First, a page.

A congressional bill seeks to increase the number of homes for sale by doubling the exclusions from capital gains tax.
Even a million dollars couldn’t persuade a Fountain Valley woman to sell her 40-year-old home, even though she’d prefer to downsize and be closer to her children and grandchildren.
It’s not because the family homestead has sentimental value. And it’s not because she still requires four bedrooms, two and a half bathrooms, and a large backyard.
“Why don’t I sell?” Sue, who lives alone, expressed concern about using her last name in print. “(A sale) leaves many homeowners, like me, with a huge capital gains tax.”
Capital gains, a term most commonly associated with investment property, has crept into the lexicon of suburban tract home residents.
Previously, most homeowners were exempt from paying taxes on their primary residences. For single taxpayers, the first $250,000 in value gains are exempt from taxation, while married couples filing joint returns are exempt from taxation up to $500,000 in gains.
However, rising home values exposed more people to the tax because exemptions had not changed in the previous 26 years.
According to Realtor data, when the exclusion was implemented in 1997, the national median house price was only $129,000 and $186,490 in California. In August, the national median had tripled to $407,100, while the California median had increased fivefold to $859,500.
Sue’s house, which she and her ex-husband purchased for $125,000 in 1983, is now worth approximately $1.1 million. Her accountant estimates that if she sold today, the capital gains tax would be at least $104,000.
“(If) I’m going to move … (it would be) with a lot less money to buy the next house,” she went on to say. “This is really a big problem and, if addressed, could solve a huge shortage of good family homes that are being underutilized by seniors.”
Some argue that the tax is more than offset by owners’ record profits on their homes.
However, a few lawmakers and at least one housing economist believe the capital gains tax is discouraging people from selling their homes. As a result, there is a significant shortage of available homes on the market. For-sale listings in Southern California, for example, are about one-third lower than usual.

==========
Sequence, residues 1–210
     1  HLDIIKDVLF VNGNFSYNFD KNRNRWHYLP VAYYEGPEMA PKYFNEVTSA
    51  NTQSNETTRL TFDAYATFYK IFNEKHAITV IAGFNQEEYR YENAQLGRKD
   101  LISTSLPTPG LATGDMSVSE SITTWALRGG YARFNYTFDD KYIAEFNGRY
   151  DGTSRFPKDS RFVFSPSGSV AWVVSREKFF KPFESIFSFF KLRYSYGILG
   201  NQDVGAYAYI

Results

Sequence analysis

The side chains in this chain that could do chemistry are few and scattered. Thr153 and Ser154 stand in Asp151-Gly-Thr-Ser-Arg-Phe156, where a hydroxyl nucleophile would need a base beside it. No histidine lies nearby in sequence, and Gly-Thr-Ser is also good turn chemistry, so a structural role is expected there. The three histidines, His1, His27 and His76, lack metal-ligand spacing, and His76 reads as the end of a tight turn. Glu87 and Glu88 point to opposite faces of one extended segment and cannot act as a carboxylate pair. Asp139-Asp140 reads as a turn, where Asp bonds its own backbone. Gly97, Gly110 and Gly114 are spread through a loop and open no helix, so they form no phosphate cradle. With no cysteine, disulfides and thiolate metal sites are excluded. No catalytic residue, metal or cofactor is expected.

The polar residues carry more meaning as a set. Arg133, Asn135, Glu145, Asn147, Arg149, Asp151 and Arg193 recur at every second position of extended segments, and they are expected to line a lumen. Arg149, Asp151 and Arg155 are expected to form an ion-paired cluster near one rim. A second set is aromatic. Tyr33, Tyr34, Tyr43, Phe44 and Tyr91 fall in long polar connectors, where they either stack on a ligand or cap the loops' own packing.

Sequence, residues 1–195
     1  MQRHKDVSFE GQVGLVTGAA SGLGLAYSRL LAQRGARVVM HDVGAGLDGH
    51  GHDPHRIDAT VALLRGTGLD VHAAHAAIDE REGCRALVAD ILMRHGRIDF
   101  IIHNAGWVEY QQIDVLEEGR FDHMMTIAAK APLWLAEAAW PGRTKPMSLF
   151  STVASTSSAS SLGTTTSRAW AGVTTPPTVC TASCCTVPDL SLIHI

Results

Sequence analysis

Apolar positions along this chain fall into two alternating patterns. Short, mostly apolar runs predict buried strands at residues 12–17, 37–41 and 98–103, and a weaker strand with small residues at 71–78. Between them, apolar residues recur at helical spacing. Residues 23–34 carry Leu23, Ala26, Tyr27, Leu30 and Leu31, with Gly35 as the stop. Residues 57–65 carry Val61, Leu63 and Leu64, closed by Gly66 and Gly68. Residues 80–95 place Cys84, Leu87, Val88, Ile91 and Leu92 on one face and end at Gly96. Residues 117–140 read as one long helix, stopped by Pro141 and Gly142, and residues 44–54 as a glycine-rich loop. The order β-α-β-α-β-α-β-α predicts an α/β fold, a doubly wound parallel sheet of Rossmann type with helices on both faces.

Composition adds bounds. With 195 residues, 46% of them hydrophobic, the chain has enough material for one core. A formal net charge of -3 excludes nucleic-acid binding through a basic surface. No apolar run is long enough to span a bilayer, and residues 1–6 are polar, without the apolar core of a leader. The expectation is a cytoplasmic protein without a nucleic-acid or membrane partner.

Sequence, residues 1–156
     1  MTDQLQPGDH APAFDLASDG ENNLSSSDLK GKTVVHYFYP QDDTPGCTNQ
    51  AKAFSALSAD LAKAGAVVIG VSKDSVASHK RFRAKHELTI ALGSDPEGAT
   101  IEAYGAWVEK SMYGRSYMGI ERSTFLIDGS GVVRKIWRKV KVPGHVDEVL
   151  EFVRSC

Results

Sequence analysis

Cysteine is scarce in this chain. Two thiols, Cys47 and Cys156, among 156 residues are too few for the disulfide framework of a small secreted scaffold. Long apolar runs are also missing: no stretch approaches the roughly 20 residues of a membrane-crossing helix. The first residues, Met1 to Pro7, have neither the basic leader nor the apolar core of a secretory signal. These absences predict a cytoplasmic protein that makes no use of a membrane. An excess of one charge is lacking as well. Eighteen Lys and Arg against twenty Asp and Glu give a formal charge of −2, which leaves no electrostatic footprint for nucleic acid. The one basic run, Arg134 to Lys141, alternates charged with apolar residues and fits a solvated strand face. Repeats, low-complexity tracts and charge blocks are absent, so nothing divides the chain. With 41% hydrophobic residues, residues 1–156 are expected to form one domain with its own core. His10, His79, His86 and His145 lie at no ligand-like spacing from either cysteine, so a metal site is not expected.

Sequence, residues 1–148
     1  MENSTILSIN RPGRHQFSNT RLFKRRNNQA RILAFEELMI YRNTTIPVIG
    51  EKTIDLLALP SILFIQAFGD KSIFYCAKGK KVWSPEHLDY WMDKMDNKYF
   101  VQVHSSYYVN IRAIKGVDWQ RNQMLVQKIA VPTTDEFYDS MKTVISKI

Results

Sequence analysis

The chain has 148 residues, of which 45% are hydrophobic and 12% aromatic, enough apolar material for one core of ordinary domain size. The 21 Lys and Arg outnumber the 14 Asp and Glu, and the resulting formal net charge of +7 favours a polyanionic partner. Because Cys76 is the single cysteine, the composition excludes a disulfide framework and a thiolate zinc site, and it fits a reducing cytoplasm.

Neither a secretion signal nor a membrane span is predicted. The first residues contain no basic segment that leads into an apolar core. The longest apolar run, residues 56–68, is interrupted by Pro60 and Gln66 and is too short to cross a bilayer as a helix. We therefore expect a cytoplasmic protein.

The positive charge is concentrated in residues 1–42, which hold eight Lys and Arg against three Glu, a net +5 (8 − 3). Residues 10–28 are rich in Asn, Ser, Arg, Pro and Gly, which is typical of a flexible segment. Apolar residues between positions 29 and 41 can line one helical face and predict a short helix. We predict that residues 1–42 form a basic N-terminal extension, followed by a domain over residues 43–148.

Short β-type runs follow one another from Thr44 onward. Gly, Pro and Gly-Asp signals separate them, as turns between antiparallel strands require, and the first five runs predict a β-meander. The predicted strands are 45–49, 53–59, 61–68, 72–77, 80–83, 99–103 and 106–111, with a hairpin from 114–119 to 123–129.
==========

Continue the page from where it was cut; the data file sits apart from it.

A bill currently before Congress seeks to address this issue by doubling the amount of profit exempt from taxation.
The California Association of Realtors applauded the bill as a possible solution to the state’s housing shortage. In a separate analysis, CAR determined that the bill could protect two-thirds of homeowners who are currently subject to such a tax.
‘A simple fix’
The “More Homes on the Market Act” would raise the capital gains exclusion for single filers from $250,000 to $500,000. The exclusion for married couples filing jointly would increase from $500,000 to $1 million.
The bill, co-sponsored by Reps. Jimmy Panetta (D-Carmel Valley) and Mike Kelly (R-Pa.), would also index the exclusion to keep up with inflation.
“The existing exemption was created in 1997 and fails to take into account inflation and the sharp increase in home prices,” Panetta said in a written statement. “A simple fix would allow homeowners to downsize, sell their homes, and keep their nest-eggs intact while providing one solution that can help the affordable housing issue.”
The exemption, which was designed to protect homeowners rather than investors or flippers, can only be used for a primary residence that the owners have lived in for at least two of the last five years.